Only three of the 17 water supply companies in England and Wales have had there investment plans approved by the industry regulator at first attempt. Water regulator Ofwat has today given its initial assessment of water companies’ business plans for 2020-25.

The plans of three water companies-Seven Trent, South West Water and United Utilities- were immediately given the green light by Ofwat. Ten companies were told that they had more work to do on their plans before approval can be given.

Four companies- Affinity Water, Hafren Dyfrdwy, Thames Water and Southern Water – were hauled over the coals. They have been told to go back to the drawing board, substantially rework their plans and resubmit them. Ofwat chief executive Rachel Fletcher said: “We have challenged all water companies to deliver more for less for customers lover the next five years. They’ve listened to the customers they serve. We’re seeing an increased focus on the things closest to people’s hearts such as keeping bills affordable, cutting leakage, protecting the environment and helping those most in need. Three companies have already stepped up to the mark with high quality plans and stretching commitments to customers for the next five years. The rest of the sector now needs to meet this high standard so that customers across the country get better and more efficient services”. Thames Water chief executive Steve Robertson said: “Thames Water is disappointed with today’s announcement from Ofwat on our £11,7bn five year business plan, which is built on the feedback of nearly one million customers. We remain committed to our forward-looking plan, which prioritises investment over everything else – including shareholder dividends.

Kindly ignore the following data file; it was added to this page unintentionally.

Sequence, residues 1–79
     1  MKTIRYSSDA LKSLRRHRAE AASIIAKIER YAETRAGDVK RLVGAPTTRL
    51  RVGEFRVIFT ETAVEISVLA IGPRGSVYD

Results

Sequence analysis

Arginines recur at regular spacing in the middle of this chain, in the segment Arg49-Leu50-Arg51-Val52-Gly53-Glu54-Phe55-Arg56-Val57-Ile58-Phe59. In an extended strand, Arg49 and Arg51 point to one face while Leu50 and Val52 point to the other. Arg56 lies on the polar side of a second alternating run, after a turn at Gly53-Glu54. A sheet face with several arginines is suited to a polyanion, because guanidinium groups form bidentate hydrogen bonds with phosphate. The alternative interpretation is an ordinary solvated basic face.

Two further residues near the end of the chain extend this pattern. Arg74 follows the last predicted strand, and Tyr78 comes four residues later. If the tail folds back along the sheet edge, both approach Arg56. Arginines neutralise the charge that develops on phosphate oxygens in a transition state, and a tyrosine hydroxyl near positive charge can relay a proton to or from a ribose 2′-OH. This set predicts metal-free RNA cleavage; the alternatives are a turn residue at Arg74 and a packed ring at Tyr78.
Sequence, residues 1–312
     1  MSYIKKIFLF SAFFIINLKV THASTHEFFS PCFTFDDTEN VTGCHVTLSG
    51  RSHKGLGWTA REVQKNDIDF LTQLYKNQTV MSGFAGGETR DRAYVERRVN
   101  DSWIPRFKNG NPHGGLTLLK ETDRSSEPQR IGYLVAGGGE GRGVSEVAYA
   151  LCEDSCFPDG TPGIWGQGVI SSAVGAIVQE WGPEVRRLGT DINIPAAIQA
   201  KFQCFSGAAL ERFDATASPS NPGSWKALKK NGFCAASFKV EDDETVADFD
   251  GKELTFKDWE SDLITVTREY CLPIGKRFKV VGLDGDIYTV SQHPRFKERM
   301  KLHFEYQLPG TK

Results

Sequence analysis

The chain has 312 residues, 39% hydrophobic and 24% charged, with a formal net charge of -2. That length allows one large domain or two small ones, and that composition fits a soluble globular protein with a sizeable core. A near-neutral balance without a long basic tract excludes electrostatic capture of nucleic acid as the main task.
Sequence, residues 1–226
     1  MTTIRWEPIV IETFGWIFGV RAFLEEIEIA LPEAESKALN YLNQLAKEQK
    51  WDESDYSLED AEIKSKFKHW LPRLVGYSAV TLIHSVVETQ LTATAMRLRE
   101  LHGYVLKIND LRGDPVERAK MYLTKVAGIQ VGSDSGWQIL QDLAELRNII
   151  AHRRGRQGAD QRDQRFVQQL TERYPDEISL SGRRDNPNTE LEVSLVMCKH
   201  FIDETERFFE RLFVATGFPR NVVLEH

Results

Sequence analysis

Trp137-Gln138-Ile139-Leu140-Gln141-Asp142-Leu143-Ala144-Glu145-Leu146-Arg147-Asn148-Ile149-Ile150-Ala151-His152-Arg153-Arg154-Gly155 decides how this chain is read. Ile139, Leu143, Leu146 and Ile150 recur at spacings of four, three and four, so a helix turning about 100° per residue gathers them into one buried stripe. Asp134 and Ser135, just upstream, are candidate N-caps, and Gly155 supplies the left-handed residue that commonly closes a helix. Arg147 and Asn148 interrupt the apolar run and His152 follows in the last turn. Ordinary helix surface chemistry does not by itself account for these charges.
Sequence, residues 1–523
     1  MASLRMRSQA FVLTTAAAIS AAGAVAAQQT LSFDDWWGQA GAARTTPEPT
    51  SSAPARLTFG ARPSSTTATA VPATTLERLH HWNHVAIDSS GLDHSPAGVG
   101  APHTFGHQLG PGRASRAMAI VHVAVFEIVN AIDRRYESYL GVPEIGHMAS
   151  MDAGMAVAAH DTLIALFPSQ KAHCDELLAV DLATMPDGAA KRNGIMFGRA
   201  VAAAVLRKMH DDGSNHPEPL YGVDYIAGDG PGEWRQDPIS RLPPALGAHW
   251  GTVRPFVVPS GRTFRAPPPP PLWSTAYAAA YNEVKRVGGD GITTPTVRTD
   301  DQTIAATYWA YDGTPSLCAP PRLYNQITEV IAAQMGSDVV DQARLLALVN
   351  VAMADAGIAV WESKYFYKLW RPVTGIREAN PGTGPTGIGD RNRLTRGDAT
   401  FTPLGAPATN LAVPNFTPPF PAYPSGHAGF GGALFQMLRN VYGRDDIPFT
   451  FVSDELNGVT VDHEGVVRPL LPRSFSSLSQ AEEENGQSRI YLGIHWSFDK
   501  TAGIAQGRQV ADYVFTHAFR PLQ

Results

“The plan includes significantly increased investment to tackle issues that really matter to customers such as leakage, pollutions and resilience, while keeping average bills flat. It also supports job creation and regional economic growth and will deliver a four-fold rise in financial assistance to families in vulnerable circumstances.

“We are seeking Ofwat’s permission to invest more in areas where we know it is needed. Instead, it appears that we are being asked to reduce our current levels of spending. We are concerned that this will make it a harder to meet the needs and expectations of our customers, amid the challenges of population growth and climate change.

“We’ll now study the feedback in detail and look forward to engaging constructively with Ofwat throughout this process.